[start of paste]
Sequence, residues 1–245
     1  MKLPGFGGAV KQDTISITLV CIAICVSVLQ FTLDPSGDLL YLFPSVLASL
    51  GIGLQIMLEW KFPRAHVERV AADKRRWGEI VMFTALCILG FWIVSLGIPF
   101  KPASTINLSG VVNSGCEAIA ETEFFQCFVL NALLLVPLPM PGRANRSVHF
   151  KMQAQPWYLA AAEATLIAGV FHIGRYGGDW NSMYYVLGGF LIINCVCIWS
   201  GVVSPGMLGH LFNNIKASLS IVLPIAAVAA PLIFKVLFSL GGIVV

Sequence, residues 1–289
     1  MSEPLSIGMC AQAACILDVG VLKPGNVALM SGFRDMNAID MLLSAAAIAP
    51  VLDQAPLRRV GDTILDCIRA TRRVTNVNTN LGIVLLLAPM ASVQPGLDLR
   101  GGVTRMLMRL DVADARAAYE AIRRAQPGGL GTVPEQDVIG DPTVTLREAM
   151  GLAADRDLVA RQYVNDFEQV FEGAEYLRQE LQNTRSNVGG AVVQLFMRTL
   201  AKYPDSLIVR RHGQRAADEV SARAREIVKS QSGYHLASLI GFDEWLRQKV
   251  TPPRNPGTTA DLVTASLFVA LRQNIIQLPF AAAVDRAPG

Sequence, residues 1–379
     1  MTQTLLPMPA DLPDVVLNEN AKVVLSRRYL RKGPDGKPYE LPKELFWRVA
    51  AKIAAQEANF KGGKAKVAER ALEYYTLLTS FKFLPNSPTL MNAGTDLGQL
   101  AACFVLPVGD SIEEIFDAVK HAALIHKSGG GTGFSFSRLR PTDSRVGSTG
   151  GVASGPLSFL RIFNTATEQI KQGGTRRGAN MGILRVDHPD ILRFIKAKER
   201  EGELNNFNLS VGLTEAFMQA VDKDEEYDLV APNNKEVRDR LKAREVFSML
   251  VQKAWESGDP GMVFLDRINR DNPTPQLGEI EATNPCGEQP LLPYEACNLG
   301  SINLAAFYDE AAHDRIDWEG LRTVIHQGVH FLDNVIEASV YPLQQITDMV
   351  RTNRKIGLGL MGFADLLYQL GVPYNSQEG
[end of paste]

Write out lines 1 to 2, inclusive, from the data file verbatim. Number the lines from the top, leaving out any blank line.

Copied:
Sequence, residues 1–245
     1  MKLPGFGGAV KQDTISITLV CIAICVSVLQ FTLDPSGDLL YLFPSVLASL